Last week, Charissa Thompson opened her yap on the podcast Pardon My Take and, for reasons still largely not understood by the rest of us, thought it was super-cute to admit that she has, in the past, made up sideline reports. How adorable!
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“I’ve said this before, so I haven’t been fired for saying it, but I’ll say it again. I would make up the report sometimes because A, the coach wouldn’t come out at halftime or it was too late and I was like, ‘I didn’t want to screw up the report,’ so I was like, ‘I’m just going to make this up,’” Thompson said on the podcast.
“First of all no coach is going to get mad if I say, ‘Hey, we need to stop hurting ourselves, we need to be better on third down, we need to stop turning the ball over and do a better job of getting off the field.’ Like, they’re not going to correct me on that,” she explained. “So I’m like it’s fine, I’m just going to make up the report.”
After a significant amount of backlash on social media from journalists who A, take their jobs seriously and B, find it offensive to lie to the public, Thompson put out a statement half-heartedly walking her comments back, but the damage was already done.
“When on a podcast this week, I said I would make up reports early in my career when I worked as a sideline reporter before I transitioned to my current host role,” Thompson said. “Working in the media I understand how important words are and I chose wrong words to describe the situation. I’m sorry. I have never lied about anything or been unethical during my time as a sports broadcaster,” she wrote.
So where to even start with this?
First off, what is Charissa Thompson doing on a Barstool-affiliated podcast, considering that Barstool made their name, in large part, off misogyny, harassing women, and assuring the “cool girls” that they are, in fact, cool, and it’s the people pointing out their record of sexism that are actually the problem? Thompson calls other sideline reporters “some of her best friends,” but Tracy Wolfson has been targeted by Barstool before. So has Sam Ponder. So have dozens of other women working in sports media. (Full disclosure: I’ve also been targeted by Barstool for years.)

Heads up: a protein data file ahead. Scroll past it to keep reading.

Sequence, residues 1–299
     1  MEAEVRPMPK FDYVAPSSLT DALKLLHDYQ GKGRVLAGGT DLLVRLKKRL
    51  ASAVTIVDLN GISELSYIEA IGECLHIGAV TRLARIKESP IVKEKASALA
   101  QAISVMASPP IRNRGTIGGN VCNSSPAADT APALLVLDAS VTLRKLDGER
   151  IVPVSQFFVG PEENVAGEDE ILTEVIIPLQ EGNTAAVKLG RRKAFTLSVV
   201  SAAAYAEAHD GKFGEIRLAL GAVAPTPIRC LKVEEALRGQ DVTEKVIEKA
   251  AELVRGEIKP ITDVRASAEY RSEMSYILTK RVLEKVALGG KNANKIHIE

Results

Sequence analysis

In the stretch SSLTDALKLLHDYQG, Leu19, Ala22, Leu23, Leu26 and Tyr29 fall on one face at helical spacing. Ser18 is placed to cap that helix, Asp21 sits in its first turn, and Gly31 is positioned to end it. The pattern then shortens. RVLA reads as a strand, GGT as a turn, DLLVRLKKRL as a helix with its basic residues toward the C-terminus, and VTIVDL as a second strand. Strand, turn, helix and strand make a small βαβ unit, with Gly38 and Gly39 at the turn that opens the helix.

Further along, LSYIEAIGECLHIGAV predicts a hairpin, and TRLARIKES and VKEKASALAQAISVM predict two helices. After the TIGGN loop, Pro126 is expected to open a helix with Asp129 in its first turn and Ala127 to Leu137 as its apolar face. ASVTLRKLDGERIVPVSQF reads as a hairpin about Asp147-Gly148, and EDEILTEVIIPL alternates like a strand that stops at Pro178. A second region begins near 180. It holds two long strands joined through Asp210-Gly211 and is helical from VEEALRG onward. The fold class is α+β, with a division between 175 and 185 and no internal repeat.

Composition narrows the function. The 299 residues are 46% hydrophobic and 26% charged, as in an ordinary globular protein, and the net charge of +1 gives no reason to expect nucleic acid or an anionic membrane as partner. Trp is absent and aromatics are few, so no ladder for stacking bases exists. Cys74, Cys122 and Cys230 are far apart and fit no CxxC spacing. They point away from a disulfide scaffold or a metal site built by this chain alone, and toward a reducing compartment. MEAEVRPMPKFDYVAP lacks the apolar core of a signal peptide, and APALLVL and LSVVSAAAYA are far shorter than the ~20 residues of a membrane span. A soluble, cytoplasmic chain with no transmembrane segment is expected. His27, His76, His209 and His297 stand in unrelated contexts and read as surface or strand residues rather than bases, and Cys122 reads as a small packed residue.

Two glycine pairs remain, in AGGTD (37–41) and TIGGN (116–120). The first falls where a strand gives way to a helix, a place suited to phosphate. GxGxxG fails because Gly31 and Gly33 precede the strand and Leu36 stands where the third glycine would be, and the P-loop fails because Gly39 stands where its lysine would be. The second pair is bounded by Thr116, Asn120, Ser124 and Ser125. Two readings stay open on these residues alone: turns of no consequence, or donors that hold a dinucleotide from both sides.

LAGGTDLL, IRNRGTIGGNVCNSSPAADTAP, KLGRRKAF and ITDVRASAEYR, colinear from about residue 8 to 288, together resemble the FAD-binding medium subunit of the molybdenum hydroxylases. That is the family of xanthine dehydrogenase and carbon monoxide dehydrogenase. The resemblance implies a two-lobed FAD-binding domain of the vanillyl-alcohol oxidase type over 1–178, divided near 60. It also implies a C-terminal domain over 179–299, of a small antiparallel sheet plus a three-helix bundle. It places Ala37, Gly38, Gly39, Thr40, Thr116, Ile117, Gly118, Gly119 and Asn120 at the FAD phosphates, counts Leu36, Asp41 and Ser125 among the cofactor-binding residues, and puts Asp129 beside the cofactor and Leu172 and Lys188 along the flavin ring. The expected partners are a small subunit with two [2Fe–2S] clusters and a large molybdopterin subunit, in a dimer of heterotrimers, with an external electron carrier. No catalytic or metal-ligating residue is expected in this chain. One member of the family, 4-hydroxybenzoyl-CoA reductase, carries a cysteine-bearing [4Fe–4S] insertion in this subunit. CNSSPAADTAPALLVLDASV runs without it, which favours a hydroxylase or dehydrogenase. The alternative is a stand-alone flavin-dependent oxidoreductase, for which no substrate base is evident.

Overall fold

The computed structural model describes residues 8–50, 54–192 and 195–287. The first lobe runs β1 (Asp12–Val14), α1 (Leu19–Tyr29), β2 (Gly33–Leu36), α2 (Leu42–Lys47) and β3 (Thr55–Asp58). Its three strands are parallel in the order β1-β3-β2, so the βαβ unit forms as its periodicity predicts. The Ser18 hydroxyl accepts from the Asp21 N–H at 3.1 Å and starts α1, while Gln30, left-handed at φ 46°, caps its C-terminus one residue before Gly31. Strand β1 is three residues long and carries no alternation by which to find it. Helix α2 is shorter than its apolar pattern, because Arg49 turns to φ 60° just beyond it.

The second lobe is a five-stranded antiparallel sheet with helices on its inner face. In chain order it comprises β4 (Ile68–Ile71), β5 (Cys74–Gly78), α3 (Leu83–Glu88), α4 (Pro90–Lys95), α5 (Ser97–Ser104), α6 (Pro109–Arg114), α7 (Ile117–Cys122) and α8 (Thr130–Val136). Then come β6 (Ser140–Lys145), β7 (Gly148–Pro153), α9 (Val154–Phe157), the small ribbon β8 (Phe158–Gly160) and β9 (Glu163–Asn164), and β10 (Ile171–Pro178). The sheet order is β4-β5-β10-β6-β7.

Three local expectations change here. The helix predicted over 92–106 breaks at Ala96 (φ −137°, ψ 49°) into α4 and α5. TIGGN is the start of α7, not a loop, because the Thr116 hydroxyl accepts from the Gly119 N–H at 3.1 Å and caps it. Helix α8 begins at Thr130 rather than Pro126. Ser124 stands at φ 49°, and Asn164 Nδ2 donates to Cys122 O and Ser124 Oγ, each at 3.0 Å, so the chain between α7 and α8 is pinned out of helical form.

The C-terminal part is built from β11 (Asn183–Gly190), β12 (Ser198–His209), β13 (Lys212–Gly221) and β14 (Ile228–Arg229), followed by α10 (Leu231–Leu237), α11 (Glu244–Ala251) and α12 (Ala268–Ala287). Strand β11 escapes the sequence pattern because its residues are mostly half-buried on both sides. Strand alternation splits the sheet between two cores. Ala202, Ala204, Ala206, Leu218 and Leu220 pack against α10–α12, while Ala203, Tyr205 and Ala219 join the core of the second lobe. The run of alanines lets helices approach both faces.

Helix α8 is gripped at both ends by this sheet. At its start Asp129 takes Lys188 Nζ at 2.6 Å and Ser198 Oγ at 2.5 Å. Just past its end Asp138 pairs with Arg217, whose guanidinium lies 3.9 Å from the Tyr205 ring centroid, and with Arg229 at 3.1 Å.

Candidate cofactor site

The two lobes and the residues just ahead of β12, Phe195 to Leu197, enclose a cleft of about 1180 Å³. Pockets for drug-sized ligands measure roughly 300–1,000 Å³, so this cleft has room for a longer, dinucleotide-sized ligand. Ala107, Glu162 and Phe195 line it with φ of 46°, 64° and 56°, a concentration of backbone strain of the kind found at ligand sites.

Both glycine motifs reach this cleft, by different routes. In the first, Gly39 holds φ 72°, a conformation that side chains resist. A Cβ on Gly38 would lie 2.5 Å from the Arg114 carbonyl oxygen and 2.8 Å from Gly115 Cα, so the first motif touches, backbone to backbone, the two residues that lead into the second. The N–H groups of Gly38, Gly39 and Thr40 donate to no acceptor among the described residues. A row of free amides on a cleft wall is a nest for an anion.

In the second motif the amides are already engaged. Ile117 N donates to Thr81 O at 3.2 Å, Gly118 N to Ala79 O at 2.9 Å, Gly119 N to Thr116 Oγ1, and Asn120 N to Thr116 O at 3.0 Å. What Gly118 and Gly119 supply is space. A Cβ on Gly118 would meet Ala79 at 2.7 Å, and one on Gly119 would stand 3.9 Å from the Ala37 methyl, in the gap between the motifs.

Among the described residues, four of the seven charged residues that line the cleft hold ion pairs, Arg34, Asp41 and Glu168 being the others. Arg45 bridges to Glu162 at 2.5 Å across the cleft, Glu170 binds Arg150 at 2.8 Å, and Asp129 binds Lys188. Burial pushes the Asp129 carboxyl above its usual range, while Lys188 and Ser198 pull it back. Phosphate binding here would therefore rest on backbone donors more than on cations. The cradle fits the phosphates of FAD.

Pour one out for the sisterhood, I guess.
But secondly, there are so many things ethically wrong with Thompson admitting that she made up reports that she then disseminated to a mass audience. Your job as a journalist is not to find something, anything, to say, but to report what is actually going on. Looking at reporting as filling air time or having to have to say something when the camera is on you isn’t the job. The job is to get information to the viewers, and veteran sideline reporter Laura Okmin explained beautifully how to handle coaches that won’t speak or be interviewed during the game, blowing Thompson’s “Sometimes they won’t talk to me!” defense right out of the water.
Okmin has told me in the past that she, and most sideline reporters, do just as much prep during the week for the game as the team in the broadcast booth. She pours over the same stat sheets, sits in on the same meetings, does the same interviews. Yet she has to figure out how to get massive amounts of information about, not just the game but the team and its players, to an audience, in an easily digestible format in less than a minute. That is a job that takes real skill, dedication and hustle. By way of exposition, please enjoy this video of ESPN’s Molly McGrath absolutely hauling ass (in heels) to get the post-game interview: